Tim Thornton, executive director of Philly311, said Friday will be an “insane” day for his office. He expects 3,000 or more calls, which better mirrors the workload on a warm summer day.
The day of a snowstorm is generally quiet, Thornton said. “And then the next day we sort of get punched.”

Around 12:30 p.m. Thursday, a few SEPTA Routes 9 and 65 buses became stuck near the corner of Ridge and Manayunk Avenues while trying to get up the hill, a SEPTA spokeswoman said. Five passengers and the drivers had to wait for an hour and a half until a city plow truck arrived to knock snow and ice out of their way, she said.

In Feasterville, Bucks County, Dana Aspray’s seven-mile morning commute down Bristol Road took an hour, twice as long as usual. What had looked like a dusting from her bedroom window, she said, turned out to be a sheet of ice.

“It’s just terrible,” said Aspray. Going up a hill, a SEPTA van almost slid into her. The entire time, she said, she was praying. And as she got closer to work at Physicians Endoscopy, she started to experience engine trouble. “That was just salt in the wound,” Aspray, 48, said.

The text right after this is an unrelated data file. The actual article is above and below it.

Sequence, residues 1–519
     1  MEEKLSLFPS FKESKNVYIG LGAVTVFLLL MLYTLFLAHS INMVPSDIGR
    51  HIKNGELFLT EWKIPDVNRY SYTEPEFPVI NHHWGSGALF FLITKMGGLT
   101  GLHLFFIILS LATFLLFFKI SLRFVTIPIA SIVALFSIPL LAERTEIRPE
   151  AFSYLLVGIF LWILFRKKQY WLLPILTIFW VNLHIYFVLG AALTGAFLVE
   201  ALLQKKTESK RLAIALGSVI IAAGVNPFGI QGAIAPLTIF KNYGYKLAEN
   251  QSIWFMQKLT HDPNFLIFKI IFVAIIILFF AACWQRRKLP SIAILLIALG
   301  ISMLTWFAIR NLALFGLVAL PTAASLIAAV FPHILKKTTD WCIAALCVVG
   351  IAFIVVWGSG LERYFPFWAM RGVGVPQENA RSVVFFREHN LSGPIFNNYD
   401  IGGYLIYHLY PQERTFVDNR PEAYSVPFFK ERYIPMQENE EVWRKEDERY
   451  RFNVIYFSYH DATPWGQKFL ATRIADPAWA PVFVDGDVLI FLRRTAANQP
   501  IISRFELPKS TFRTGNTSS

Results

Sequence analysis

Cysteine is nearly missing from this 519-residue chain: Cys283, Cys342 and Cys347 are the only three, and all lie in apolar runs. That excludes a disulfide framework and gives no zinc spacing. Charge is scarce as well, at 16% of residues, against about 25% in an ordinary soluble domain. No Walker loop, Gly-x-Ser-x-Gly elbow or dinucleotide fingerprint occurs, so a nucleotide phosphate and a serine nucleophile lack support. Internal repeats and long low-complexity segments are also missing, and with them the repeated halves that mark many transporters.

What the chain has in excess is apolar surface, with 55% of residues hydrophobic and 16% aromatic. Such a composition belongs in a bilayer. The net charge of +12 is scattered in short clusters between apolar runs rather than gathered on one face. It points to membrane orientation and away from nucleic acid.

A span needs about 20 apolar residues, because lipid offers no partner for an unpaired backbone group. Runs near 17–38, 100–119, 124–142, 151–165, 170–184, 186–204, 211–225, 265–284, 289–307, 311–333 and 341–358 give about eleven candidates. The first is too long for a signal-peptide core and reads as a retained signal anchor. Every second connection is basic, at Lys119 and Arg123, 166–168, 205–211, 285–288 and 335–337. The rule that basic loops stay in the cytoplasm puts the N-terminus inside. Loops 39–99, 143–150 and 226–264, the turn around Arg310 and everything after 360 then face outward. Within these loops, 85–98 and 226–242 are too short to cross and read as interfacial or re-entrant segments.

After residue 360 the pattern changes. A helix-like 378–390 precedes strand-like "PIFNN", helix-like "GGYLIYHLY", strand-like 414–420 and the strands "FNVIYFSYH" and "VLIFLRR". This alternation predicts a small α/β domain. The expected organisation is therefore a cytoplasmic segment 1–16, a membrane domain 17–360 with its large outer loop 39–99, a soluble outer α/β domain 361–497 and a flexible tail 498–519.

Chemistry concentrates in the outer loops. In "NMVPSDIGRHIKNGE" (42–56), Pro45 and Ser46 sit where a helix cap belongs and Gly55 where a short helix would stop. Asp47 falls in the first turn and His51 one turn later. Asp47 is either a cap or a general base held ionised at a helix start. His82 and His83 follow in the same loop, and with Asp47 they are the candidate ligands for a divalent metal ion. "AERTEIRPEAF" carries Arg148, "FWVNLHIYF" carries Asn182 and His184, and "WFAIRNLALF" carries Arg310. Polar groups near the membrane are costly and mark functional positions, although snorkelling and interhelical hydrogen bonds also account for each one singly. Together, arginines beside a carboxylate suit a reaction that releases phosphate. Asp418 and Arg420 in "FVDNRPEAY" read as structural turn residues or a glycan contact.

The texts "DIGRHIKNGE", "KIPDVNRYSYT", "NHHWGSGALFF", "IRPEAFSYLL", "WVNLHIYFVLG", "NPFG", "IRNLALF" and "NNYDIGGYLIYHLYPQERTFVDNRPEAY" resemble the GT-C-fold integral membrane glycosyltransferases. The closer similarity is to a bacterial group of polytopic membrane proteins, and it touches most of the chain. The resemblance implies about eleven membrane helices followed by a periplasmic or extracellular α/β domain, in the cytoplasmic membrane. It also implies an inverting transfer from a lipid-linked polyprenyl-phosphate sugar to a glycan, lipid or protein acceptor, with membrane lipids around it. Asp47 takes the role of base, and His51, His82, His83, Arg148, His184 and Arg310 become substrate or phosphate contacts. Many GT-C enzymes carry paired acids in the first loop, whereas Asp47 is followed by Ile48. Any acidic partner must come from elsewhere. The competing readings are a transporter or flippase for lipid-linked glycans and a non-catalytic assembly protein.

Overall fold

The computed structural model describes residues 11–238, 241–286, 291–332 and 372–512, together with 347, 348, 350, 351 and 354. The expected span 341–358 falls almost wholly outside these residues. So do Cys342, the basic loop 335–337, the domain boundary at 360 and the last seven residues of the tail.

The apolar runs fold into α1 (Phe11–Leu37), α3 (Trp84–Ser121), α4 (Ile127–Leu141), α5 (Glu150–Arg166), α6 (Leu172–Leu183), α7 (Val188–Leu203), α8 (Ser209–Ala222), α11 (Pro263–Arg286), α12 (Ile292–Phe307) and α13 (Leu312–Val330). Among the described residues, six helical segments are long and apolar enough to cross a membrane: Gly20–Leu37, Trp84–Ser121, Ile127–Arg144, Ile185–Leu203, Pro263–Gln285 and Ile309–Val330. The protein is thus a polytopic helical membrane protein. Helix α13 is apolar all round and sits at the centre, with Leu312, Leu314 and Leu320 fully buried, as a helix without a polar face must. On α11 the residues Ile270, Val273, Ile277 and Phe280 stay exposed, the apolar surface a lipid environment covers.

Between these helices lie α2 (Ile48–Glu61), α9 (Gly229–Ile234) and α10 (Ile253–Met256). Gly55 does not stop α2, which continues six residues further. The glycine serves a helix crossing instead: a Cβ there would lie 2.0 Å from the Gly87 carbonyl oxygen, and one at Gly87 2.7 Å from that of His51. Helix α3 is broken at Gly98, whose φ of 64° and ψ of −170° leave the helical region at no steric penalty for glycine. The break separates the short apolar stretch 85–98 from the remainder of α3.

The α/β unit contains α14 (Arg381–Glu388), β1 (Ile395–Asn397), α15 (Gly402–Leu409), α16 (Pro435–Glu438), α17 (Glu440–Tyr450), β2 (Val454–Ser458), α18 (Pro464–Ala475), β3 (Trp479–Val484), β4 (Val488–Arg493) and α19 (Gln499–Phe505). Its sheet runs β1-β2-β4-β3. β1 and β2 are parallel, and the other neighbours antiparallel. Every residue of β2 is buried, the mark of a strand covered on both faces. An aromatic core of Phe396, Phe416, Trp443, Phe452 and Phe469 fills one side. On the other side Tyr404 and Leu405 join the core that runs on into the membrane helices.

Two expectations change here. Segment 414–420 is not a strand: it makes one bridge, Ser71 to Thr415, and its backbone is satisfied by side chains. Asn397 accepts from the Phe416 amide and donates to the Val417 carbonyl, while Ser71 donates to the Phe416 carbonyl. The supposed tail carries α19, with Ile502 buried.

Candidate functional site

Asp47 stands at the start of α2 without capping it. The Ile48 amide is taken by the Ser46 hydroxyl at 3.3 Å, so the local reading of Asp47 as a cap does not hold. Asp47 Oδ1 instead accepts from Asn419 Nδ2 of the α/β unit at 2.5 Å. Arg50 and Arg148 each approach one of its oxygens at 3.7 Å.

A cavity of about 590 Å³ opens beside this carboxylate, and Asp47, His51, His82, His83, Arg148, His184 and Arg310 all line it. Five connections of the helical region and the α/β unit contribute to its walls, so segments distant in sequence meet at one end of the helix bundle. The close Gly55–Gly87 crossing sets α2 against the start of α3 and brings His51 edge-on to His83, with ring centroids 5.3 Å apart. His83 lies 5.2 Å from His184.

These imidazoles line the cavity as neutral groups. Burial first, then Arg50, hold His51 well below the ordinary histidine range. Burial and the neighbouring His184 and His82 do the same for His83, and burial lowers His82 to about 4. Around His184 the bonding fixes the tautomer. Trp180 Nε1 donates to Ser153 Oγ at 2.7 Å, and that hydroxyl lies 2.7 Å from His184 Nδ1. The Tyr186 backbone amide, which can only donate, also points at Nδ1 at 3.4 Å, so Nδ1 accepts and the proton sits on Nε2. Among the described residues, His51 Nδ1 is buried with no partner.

But it was the Jersey Shore that was getting the worst of it, with up to 18 inches of snow expected in some areas, along with gale-force gusts. By early evening, 17 inches already had fallen in Brick, 16 inches in Margate, 12.7 inches at Atlantic City International Airport, and 17 inches in Cape May Court House. The National Weather Service reported gusts of more than 50 mph. Amounts were more modest inland, with up to three inches reported in the immediate Philadelphia area.

Gov. Christie declared a state of emergency in Cape May, Atlantic, Ocean and Monmouth Counties.

Cape May County Engineer Dale Foster said the biggest impact from the snow and high winds was felt on the roads, not the beaches.  The county closed both Fulling and Breakwater Roads, which run on either side of the Cape May airport.  Crews just could not keep up with the snow drifts.

"People are getting stuck in snow drifts," Foster said. ".Even our snow plows are getting stuck."

Conditions were likely to remain poor through the weekend because of the expected extreme cold.  The snow will freeze hard on the streets, he said, as temperatures reach low single digits Friday into Saturday.  Salt won't melt it at those temperatures.

In Margate, meanwhile, a half-dozen devoted locals showed up by midday to sit at the bar at Roberts Place on Atlantic Avenue.